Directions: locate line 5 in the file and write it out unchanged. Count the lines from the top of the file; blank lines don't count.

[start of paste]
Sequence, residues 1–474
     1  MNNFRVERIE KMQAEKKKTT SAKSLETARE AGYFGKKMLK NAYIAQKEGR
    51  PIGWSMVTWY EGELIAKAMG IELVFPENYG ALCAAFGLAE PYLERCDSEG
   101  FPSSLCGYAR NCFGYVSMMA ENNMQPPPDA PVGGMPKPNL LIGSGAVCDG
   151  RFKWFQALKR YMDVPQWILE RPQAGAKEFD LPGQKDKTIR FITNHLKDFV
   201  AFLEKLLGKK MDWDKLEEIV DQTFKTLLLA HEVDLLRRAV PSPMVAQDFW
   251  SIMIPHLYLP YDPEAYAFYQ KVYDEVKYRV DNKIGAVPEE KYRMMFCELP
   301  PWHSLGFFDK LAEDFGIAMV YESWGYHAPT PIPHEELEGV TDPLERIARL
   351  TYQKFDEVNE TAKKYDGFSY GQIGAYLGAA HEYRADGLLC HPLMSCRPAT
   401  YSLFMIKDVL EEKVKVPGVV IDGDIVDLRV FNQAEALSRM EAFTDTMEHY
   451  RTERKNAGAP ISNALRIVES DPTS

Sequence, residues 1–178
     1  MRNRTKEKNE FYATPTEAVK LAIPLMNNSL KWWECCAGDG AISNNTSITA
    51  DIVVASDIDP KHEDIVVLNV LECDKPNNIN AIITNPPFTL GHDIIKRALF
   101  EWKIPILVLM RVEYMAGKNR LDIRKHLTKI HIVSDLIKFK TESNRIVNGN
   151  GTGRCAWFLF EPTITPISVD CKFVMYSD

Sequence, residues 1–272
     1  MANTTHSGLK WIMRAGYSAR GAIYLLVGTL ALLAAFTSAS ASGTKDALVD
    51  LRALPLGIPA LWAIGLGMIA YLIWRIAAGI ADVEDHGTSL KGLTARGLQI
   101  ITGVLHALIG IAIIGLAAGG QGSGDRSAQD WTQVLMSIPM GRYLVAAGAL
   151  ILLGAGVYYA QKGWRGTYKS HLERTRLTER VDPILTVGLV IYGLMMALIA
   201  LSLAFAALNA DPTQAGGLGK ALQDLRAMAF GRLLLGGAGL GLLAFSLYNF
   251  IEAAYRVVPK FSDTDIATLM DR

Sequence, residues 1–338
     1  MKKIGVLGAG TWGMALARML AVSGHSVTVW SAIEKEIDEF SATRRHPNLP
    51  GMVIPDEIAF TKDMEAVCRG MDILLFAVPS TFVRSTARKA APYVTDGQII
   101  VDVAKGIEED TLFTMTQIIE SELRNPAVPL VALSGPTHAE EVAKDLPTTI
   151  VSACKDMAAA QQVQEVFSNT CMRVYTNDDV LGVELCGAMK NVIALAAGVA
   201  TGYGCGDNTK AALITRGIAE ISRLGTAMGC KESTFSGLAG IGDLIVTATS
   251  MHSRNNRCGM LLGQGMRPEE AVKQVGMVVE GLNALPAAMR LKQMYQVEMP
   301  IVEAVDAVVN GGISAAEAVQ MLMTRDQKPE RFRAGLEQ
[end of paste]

   151  RFKWFQALKR YMDVPQWILE RPQAGAKEFD LPGQKDKTIR FITNHLKDFV